Division of Criminal Justice Advisory Board 

Office of the Chief State's Attorney

300 Corporate Place

Rocky Hill, Connecticut

Minutes of the Meeting of May 2, 2022

The meeting was called to order at 12:34 p.m. by State's Attorney Anne F. Mahoney.

Also present were Acting Chief State’s Attorney John J. Russotto, Deputy Chief State’s Attorneys Kevin Lawlor and Robert Devlin; State’s Attorneys Margaret E. Kelley (Ansonia/Milford); Stephen J. Sedensky (Danbury); Joseph T. Corradino (Fairfield); Sharmese Walcott (Hartford); David Shannon (Litchfield); Michael A. Gailor (Middlesex); Senior Assistant State's Attorney Helen McLellan (New Britain); Patrick J. Griffin (New Haven); Paul J. Ferencek (Stamford/Norwalk); Maureen T. Platt (Waterbury); and Anne F. Mahoney (Windham); Executive Assistant State’s Attorneys John Doyle, Gail Hardy and Brett Salafia; Legislative Liaison Melanie Dykas; Labor Relations Administrator AnneMarie Paone-Mullin and Criminal Justice Commission Member Scott Murphy.

A motion to accept the minutes from the April 4, 2022 meeting was made by Deputy Chief State’s Attorney Lawlor and was seconded by Acting Chief State's Attorney Russotto. It passed unanimously.

State's Attorney Platt reported for the Operations Committee. There are two main issues surrounding the use of body-worn cameras (BWC). The first issue concerns the policies and practices of the departments with respect to the use of BWC. Each State's Attorney is gathering information from their respective police departments in order to determine the following: (1) the data retention period; (2) when and how data is delivered to the States Attorney's office; (3) whether there are distinctions between patrol/uniformed officers and detectives; and (4) whether there is anything in the policy relating to officers assigned to federal task forces. Kyle Beaudoin will compile the results for us. P.O.S.T. has made it clear that they do not intend to issue any policy drawing distinctions between uniformed officers and detectives. It has been suggested that once the Chief State's Attorney has been appointed, that he/she meet with P.O.S.T. regarding the necessity for a policy.

The second issue concerns the use of BWC by DCJ Inspectors. There was discussion and concern with the statutory language which addresses law enforcement units. While the consensus is that DCJ Inspectors will be required to wear BWC as of July 1, there was concern whether the broad statutory language would also require prosecutors to comply.

The committee intends to draft a DCJ policy re: BWC in the hope that it will be enacted shortly after the appointment of a new Chief State's Attorney. It is anticipated that the policy will be ready for a vote at the June State's Attorney's meeting.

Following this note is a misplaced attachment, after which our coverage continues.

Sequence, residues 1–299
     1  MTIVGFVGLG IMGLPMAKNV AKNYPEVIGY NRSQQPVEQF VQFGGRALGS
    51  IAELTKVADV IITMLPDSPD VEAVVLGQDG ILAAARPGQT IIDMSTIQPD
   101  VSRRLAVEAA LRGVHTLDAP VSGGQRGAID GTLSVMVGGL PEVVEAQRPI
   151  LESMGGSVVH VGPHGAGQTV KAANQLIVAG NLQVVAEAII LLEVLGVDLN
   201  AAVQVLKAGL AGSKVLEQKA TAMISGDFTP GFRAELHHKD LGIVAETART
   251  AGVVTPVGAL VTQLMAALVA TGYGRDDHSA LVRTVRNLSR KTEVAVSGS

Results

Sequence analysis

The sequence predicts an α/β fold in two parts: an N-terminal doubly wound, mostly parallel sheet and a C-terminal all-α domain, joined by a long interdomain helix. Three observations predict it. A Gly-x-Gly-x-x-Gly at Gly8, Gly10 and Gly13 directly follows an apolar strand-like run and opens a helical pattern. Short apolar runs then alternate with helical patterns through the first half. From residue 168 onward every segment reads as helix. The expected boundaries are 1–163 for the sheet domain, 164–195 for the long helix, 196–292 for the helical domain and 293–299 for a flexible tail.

There was no Management Committee report. A chairperson needs to be selected in light of Brian Preleski's appointment to the bench.

With respect to the Peer Review process, the reviews are on hold until a successor is appointed for the position of Chief State's Attorney.

There were no potential conflicts to discuss.

In other business, a suggestion was made to obtain a plaque for Brian Preleski, thanking him for his many years of service with the DCJ. All were in favor. Acting Chief State's Attorney Russotto said he will follow up on this purchase.

There was much discussion concerning sentence modification and commutation hearings. Some judges have been holding off on the modification hearings and/ or staying the proceedings pending the result of the commutation hearings. There was a great deal of frustration expressed, especially in light of the fact that the prosecutors are not allowed to weigh in at commutation hearings. There is consensus that we need to address differences in the sentence modification hearing process throughout the state. Deputy Chief State's Attorney Lawlor suggested that Melanie Dykas reach out to some of the victims groups. It was stressed, once again, that we need to keep track of the numerous hours spent reviewing the sentence modifications, tracking victims and preparing for hearings. Acting Chief State's Attorney Russotto suggested that the Legislative Committee work out a strategy and make recommendations. States Attorney Corradino suggested a "global" approach - sentence modifications, habeas and commutation proceedings. State's Attorney Platt spoke about potentially having a defendant waive their right to file for a sentence modification, e.g. in exchange for a plea to a reduced charge. Senior Assistant State's Attorney Timothy Sugrue suggested the practicality of having an order to the proceedings, namely, first a commutation hearing, followed by a sentence modification. State's Attorney Sedensky indicated he sometimes files a FOI request to obtain the entire file for such hearings. In those cases, the DOC victim advocate notifies the victim. Everyone agreed on the fact that we need a great deal of time to reach out to victims and that these proceedings are an unjust burden on the victims and cause a great deal of psychological damage. 

State's Attorney Sedensky made a motion to adjourn that was seconded by State's Attorney Platt. It passed unanimously and the meeting adjourned at 1:13 p.m.